BT is set to provide sensor-enabled and connected bike lights to up to 180 cyclists across Manchester in tandem with Northern Irish cycling company See.Sense.
The partnership is part of CityVerve, the UK’s smart city demonstrator, set up by Manchester City Council and 21 other organizations, including BT. The program aims to show citizens the potential benefits of smart city technology, with this particular project aiming to improve the safety of cyclists.
Data, data everwhere
From August 14, See.Sense sensors, known as ICONs, will be used to track anonymized data in a cyclist’s environment around the city of Manchester. The ICONs supposedly connect to an app on Android phones via Bluetooth – the app is not currently available on iOS – where data such as the quality of the road surface, light levels, as well as cycling routes, collisions and near-miss events are transmitted back to BT’s Internet of Things data hub.
The aggregated data collated by the hub will be presented to city planners working with CityVerve in a uniform way, BT claims. The company suggests that by acting as an information broker its hub lowers the barrier to participation in the IoT ecosystem.
“Easy access to the data will help developers turn innovative ideas into applications in many areas, including planning ways to improve cycling infrastructure, and creating policies to promote cycling in the city,” a company statement reads.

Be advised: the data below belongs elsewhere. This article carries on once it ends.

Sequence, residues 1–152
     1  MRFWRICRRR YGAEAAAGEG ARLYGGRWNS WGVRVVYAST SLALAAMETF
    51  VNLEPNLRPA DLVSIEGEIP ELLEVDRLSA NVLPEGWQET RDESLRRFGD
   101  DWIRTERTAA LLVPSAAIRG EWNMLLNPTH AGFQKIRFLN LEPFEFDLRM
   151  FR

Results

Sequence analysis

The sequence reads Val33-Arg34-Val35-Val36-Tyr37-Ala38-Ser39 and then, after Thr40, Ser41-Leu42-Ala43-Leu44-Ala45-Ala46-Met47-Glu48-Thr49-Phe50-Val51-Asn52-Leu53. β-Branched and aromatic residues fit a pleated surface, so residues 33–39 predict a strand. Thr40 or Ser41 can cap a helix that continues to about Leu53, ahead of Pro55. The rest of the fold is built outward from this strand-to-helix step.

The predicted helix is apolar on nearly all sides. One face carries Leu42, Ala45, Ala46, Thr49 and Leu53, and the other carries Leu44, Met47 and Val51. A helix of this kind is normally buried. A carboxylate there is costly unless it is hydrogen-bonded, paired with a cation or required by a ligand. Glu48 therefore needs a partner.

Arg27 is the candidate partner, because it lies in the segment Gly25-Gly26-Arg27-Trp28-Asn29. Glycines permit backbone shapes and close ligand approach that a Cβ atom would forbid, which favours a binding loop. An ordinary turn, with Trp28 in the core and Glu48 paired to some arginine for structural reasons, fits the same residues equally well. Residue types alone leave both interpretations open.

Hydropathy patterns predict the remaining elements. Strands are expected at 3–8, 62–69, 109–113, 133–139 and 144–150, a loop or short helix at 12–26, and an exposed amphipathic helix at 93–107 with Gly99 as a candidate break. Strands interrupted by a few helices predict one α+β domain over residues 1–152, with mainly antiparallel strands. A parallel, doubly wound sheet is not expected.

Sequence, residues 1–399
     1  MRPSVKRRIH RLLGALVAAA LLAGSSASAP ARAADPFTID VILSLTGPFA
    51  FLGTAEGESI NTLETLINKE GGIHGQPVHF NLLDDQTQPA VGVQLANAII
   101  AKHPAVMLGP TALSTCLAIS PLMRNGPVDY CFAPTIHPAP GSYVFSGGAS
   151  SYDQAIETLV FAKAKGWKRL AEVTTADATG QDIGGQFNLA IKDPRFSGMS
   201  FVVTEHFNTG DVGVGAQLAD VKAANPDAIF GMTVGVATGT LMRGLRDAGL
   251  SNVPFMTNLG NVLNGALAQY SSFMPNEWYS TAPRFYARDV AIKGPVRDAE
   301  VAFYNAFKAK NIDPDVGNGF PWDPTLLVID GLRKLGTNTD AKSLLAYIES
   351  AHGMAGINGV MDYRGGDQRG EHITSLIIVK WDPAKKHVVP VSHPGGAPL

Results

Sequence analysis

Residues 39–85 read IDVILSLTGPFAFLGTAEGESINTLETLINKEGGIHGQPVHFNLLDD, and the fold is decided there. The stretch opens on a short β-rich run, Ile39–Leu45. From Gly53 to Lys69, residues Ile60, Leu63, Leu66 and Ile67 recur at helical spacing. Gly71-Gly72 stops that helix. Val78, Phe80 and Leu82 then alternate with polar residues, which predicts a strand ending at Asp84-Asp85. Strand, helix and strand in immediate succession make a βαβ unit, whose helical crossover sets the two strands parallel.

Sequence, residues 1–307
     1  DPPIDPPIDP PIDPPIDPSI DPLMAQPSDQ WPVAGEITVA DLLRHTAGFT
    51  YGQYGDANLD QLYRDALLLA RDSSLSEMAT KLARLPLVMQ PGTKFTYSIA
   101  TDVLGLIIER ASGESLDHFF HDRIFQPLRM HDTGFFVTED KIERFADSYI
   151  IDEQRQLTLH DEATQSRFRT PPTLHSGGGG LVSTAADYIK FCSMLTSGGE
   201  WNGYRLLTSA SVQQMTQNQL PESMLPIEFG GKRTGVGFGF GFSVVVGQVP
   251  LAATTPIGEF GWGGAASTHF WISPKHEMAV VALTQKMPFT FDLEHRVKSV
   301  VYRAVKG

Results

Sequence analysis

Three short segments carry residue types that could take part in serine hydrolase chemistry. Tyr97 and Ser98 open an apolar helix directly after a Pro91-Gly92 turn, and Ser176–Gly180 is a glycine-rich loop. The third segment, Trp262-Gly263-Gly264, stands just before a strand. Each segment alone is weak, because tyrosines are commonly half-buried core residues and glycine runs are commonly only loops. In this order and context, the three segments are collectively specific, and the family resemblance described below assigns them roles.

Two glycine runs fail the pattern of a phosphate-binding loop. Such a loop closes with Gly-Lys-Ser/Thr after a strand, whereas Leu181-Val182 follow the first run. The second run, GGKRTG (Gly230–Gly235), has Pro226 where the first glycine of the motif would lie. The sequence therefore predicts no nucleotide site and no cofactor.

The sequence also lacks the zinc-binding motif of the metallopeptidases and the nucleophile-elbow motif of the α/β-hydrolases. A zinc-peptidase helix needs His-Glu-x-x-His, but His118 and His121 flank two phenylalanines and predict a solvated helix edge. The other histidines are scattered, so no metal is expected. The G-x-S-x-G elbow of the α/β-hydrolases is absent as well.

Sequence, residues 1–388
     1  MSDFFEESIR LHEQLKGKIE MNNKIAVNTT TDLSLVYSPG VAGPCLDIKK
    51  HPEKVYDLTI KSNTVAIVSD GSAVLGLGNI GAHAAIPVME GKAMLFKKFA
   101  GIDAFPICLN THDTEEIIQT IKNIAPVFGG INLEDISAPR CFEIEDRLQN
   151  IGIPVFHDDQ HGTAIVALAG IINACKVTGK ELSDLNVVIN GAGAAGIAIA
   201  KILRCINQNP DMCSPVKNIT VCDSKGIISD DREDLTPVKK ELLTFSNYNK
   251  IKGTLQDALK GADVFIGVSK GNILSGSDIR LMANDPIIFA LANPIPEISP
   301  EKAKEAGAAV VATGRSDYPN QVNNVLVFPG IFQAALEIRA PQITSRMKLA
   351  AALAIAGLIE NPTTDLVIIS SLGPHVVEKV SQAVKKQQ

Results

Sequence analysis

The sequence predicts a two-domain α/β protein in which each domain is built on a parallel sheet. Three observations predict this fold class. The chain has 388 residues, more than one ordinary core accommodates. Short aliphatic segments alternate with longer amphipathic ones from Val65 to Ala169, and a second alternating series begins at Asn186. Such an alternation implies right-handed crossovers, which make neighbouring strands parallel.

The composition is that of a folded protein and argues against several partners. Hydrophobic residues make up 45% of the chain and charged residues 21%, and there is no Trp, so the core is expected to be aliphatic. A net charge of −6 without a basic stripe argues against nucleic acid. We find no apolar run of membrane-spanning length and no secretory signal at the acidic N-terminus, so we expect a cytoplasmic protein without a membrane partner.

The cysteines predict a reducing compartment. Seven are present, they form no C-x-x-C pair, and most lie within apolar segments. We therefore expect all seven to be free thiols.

Irene McAleese, co-founder of See.Sense backed this statement up, saying: “Better data will help to make cycling more visible to policy makers, and allow cities to take adaptive, data-driven decisions. This will also provide the opportunity for improved integration of cycling into the city’s mobility plans.”
Opportunities beyond improved safety
In addition to data collection, See.Sense is helping to improve safety for cyclists. The company’s connected lights are designed specifically to be daylight-visible, enhancing cyclist safety in all lighting conditions, while flashing brighter and faster in riskier situations such as round junctions and roundabouts.
Professor John Davies, chief researcher of future technologies at BT, said of the program: “There are wide range of opportunities emerging from the real-time data collected from the lights and other sources stored in our platform, bringing valuable insights for the city’s infrastructure and policies, and helping develop a safer and better cycling experience for the people of Manchester.”
The lights are heavily subsidized as part of the trial and will be available to participants for only £10 instead of the usual RRP of £79.99, but must be collected at nominated collection points. The trial will run from the 14th of August until the end of the CityVerve project, and the cyclists can keep using their lights at the end of the trial, the companies say.